As fitness professionals we spend our time learning about how to change people physically, and then we apply that knowledge in the gym. We see our client’s shapes change in front of us – and yet often, we do not see the change in confidence and self esteem that you would expect from such amazing physical progress. It would appear that it is much, much harder to change the way our clients feel about themselves, than their appearance!
Have a read through the following statements – do any of these apply to your clients?
Do your clients…
Feel like they hate or dislike themselves
Feel worthless or not good enough
Feel unable to make decisions or assert themselves
Feel like no one likes them
Take blame for things that aren't their fault
Feel guilt for spending time or money on themselves
Feel unable to recognise their own strengths
Feel undeserving of happiness
Have low confidence
If any of these statements ring true about clients under your care, then you could and should take some simple steps to help them make behaviour changes. Below are some interventions that you could put in place, without turning your fitness sessions into counselling sessions.
Think about what may be affecting your clients self-esteem. Talk to them about what may be affecting them so that you can learn things that it’s ok to say, and things that it is not ok to say.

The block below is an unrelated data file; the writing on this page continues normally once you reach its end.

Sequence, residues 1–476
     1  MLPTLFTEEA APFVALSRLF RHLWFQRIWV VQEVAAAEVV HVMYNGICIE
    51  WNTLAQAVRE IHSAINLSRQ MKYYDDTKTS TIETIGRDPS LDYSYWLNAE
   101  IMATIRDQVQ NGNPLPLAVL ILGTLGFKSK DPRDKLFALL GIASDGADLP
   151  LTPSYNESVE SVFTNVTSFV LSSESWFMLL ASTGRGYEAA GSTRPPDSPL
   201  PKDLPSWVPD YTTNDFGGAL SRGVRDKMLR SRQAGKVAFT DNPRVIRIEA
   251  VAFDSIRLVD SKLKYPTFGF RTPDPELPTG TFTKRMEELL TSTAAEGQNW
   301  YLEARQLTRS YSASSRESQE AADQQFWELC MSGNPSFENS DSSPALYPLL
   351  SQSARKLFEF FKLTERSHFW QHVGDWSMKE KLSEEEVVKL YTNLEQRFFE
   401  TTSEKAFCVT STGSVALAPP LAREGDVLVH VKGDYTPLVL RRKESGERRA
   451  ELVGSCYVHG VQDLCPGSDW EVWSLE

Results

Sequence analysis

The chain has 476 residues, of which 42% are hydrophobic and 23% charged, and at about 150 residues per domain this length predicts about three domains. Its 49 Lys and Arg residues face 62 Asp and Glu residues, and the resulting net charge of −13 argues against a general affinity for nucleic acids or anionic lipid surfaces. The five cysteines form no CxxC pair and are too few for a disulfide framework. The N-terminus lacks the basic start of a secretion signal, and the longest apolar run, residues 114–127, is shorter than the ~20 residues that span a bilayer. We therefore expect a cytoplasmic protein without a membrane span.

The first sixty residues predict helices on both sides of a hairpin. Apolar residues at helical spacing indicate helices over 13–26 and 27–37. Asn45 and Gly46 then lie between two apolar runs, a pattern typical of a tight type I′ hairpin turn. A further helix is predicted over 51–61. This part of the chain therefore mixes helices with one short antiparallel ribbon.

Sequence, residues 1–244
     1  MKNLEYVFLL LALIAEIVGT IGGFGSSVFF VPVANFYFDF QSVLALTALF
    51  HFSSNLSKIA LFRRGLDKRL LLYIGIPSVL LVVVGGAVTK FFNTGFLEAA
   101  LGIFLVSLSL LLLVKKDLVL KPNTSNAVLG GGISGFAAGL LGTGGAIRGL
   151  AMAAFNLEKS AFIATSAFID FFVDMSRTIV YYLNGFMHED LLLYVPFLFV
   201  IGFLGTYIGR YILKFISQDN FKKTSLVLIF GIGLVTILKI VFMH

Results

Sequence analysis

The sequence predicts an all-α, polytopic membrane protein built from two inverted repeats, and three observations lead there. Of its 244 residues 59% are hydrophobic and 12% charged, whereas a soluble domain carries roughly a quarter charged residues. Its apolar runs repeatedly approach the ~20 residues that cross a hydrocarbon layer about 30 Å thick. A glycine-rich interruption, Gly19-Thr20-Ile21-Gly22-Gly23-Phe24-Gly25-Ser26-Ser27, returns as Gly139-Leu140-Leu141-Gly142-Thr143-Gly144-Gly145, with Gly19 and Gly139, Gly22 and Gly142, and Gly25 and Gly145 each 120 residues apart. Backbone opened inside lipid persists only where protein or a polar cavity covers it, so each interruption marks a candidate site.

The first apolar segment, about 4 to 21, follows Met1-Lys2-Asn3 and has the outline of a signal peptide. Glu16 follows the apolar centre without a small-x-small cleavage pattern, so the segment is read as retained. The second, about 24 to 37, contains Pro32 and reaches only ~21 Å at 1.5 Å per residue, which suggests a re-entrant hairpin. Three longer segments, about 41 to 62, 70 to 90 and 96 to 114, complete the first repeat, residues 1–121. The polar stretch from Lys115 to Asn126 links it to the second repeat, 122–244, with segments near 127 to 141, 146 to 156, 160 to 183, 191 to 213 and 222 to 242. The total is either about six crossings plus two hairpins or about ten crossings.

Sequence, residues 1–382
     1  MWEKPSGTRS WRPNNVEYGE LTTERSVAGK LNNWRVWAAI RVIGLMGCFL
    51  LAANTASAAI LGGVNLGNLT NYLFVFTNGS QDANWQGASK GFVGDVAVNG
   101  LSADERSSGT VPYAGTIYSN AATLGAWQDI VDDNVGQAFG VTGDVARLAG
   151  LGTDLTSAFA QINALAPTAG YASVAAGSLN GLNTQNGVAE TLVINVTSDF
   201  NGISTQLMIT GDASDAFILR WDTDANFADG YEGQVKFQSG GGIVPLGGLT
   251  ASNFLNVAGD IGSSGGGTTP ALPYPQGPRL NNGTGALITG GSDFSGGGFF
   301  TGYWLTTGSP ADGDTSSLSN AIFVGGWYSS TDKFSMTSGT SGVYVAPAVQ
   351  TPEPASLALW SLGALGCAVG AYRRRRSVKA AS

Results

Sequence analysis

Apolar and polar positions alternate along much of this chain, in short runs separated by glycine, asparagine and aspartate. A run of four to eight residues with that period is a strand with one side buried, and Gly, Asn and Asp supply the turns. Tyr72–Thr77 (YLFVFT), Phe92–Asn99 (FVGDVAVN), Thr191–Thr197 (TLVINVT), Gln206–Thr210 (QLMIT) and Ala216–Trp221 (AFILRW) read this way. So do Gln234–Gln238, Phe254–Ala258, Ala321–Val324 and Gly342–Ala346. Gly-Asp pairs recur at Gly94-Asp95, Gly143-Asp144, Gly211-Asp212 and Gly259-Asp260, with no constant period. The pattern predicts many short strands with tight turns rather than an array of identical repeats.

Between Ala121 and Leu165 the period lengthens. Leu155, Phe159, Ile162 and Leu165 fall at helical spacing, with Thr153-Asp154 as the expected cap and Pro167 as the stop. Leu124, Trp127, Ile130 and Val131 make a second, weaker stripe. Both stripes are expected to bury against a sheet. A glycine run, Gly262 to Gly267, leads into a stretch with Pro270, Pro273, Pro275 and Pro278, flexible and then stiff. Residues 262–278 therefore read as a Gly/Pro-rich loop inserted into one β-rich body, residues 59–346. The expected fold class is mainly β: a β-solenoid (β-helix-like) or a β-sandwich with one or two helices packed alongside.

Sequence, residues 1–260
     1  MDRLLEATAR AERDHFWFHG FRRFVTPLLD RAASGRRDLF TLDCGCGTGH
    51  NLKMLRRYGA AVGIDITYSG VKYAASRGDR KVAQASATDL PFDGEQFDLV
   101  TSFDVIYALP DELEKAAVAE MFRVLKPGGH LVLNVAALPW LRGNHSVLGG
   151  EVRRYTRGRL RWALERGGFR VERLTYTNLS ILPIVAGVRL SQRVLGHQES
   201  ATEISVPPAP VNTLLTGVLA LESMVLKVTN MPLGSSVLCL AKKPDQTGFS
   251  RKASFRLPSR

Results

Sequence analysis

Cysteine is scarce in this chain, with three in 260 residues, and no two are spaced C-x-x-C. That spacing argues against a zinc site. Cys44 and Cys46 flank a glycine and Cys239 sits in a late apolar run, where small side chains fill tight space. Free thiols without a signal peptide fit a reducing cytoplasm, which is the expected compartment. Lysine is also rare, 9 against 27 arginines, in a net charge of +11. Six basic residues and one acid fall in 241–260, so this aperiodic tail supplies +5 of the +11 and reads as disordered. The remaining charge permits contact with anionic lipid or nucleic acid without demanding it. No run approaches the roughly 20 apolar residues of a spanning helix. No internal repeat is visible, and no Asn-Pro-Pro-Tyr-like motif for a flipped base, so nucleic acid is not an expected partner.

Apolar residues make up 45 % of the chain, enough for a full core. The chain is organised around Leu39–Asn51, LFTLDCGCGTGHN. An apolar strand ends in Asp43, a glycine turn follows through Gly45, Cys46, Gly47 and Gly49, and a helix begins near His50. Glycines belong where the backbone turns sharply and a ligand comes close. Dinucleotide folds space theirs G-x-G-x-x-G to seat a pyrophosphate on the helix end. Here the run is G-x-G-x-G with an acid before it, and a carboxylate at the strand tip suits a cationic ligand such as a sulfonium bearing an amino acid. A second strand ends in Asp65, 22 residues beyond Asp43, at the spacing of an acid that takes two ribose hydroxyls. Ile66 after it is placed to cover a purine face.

Become aware of the power of your own influence on people so that you can use it to positive affect.
Reduce your clients’ negative ‘self talk’. Set some behaviour rules for your sessions that do not allow negative reflections.
Encourage your client to spend time with like-minded, people. Arrange group activities that help build a ‘team’ so that our client feels loved and an important part of the group.
Help your client learn to be assertive – empower them. Ask them to make some decisions on what their fitness session should look like; the reps, sets and weight they should be lifting etc.
Set your clients challenges. These should be varied and fun. Nothing that could turn into a motivational disaster – but a challenge that would mean something to your client and be an intrinsic motivator.
Focus on positives – Often we forget to celebrate our client’s success stories as much as we should. We see people making physical progress every day and perhaps forget that even little things – like your client setting up a barbell for the first time by themselves, can be an achievement worth celebrating!
Become part of a support network for your client. Be someone they can trust and feel cares.
By applying some of these simple tactics you WILL make a difference to how your client feels about their self. Perhaps even, a bigger difference than the change brought about by their physical change…
For more information on mental health, go to www.mind.org.uk